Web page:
Monday, 8 March 2010

Lent Course 2010 [Blog] - Part III

Jesus Christ and Fear

Fear is, to a greater or lesser extent, who we are. We are creatures who know a little or a lot about fear, be that in positive or negative ways: jealousy (fear and love), protectiveness (fear for the safety of those whom we love), paranoia (a psychosis of fear) - among others. Fear seems to me to be as intrinsic to our human condition as an appetite for the next meal. Whilst fear is a vast factor in the lives of some, I recognise that it is a marginal concern for others - but there nonetheless. I have to believe, then, that Jesus must have known and embodied fear as we all do. Yes, being God must proffer a whole panoply of reassurances in the face of the mortal life - I cannot believe that fear was not an aspect of the life of Jesus. To me at least, anyone who does not know fear is not affirmed in the truth of their situation, let's say! We all have insurance polcies for one thing or another (or fourteen in my case, I am horrified to discover), and what greater exploiter of fear is the insurance policy?

In order to gather my own thoughts, I ponder the following:

  • What is fear and how is it manifest in my own life?

  • How does it moderate my behaviour, especially towards others?

  • How does my fear affect other people?

  • Is fear an appropriate response for a Christian in the face of our Christian hope in Christ?

  • Can fear be positive, and if so, how?
I guess the next step is to ask the specific question of Jesus: did he experience fear, when and if so, how?

For me, the clear answer is that yes, Jesus did know and experience fear. In the account of the agony in the garden of Gethsemane described in Matthew 26: 36-46, we recieve an account of a very human brand of fear. I will justify this view (obvious as it might be to me, though not taking that for granted of you, dear readers) by working throught the account:

Imagine having a certain knowledge that within hours you will face your own death; not just a death but a terrible and agonising death (I am confident in my guess that the Roman authorities were not known for thair humanitarian murder). If you have ever fled from someone who means you harm, you might know how that kind of anticipatory adrenelin fuelled fear feels.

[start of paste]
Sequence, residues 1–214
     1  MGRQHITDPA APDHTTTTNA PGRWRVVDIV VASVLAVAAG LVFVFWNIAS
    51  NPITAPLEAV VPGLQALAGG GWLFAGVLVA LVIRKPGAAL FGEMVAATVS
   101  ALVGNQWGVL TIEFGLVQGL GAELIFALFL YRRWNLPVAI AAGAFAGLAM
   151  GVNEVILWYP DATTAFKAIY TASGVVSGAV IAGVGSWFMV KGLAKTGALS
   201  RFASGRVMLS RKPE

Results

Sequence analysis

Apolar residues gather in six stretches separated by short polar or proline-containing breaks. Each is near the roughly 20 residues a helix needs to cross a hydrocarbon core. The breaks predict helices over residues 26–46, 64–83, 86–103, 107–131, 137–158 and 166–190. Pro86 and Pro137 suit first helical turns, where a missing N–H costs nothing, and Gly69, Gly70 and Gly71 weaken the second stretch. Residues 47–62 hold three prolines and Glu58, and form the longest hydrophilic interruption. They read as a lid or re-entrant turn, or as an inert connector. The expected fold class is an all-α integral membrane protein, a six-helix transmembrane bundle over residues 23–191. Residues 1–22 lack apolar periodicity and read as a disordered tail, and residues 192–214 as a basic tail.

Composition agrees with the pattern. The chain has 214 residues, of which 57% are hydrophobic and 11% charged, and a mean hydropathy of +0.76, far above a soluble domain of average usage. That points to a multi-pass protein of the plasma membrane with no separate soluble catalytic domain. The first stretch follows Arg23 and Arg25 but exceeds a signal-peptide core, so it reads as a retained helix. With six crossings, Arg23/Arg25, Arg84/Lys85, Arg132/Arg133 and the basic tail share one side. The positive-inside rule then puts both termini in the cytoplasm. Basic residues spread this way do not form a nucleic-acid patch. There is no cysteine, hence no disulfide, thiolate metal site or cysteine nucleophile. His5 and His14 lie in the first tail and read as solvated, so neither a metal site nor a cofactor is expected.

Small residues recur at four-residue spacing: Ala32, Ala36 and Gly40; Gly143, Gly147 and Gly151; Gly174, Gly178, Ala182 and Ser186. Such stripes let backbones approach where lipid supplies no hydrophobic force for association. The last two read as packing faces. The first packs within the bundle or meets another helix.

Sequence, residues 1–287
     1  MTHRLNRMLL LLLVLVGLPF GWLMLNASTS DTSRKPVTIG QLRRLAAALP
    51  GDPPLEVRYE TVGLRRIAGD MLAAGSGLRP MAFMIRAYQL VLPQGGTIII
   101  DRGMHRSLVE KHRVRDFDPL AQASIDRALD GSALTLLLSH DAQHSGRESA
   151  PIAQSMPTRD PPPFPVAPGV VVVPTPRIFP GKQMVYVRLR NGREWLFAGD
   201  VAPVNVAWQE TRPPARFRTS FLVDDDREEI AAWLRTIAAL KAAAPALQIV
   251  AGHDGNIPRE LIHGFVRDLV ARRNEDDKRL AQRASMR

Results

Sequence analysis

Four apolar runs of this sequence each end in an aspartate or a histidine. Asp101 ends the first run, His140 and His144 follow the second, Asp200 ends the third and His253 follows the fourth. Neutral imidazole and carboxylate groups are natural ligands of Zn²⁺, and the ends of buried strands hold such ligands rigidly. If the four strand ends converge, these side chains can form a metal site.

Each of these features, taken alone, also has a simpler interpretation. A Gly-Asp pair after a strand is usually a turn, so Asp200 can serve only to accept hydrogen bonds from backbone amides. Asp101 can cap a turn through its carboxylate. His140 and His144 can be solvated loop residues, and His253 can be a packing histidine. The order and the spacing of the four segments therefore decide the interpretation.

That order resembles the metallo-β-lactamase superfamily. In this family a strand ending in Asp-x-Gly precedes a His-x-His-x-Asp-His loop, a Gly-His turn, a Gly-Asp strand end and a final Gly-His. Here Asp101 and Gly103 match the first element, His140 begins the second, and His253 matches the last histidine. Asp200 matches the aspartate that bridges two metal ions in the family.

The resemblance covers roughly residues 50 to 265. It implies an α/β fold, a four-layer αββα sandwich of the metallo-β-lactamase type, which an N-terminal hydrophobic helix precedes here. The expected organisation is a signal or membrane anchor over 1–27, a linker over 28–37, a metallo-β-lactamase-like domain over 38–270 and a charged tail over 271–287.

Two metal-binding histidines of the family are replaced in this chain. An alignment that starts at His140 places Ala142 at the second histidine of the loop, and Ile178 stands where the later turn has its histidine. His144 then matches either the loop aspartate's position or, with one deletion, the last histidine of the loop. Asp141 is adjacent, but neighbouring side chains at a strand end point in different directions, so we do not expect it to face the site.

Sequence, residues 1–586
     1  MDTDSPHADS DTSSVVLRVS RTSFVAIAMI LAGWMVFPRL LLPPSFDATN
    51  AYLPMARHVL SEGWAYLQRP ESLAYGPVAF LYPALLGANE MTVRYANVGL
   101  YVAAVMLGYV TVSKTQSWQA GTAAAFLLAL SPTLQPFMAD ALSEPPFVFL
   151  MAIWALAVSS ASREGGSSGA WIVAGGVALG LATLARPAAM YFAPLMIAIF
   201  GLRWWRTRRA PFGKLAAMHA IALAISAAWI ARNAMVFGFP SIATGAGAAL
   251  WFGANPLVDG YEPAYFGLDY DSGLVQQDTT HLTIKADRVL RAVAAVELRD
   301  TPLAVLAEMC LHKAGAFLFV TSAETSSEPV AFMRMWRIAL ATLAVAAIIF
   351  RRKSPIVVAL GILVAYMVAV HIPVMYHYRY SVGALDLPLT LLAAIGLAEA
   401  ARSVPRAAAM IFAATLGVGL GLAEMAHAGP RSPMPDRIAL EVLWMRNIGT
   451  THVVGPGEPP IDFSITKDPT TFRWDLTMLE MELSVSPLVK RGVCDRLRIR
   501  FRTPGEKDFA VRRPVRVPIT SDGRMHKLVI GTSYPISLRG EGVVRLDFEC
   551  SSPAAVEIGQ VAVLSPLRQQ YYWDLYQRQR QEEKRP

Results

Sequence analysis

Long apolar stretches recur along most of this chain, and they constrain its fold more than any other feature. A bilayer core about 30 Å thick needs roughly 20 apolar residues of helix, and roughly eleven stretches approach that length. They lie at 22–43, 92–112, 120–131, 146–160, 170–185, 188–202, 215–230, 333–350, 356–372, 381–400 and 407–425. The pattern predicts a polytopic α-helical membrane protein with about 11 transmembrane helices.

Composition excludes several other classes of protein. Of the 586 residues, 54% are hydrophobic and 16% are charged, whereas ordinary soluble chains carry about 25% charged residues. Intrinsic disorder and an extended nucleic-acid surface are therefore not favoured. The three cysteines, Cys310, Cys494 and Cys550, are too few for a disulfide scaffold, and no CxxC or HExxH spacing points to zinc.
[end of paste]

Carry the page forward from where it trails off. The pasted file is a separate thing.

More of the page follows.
Jesus couldn't bear to face his agony alone. He asked that his friends 'kept him company' - such behaviour is manifest in the child's request to 'come with me' - fear is often softened by the company of others. His reaction to their failure in their charge implies a considerable level of fear.
Matthew states that Jesus was agitated. Whilst I am no biologist and certianly no medic, I know that fear precipitates a fight/flight response. Agitiation seems to me to be an outpouring of this instinctive response.
Jesus asks the Father to let the cup pass from him. While know that he later submits to his fate, his plea to the Father is (again, to me at least) a clear sign of Jesus' fear in the face of what was foretold and what was to become among the most brutal documented tortures and murders ever.
Overall, the tension that is seen in Jesus, his response to his flagging friends, his dialogue with the Father - all of these things paint a picture (to my eyes) of a man who lived knowing what fear was at its most raw and immediate.

Fear is natural; fear is born of a sense of self-preservation which, it could be argued, underpins the majority morality of human culture. It can be harnessed for good by grace or it can be allowed to become morbidly obese and a narcotic in its own way. Jesus experiences fear for his life which perhaps makes him a greater student of fear than most of us - but in the end, he lets grace wash over it. He does not let it become destructive or damaging to others:

'...But how then would the scriptures be fulfilled, which say it must happen in this way?' (Mtt 26:54)

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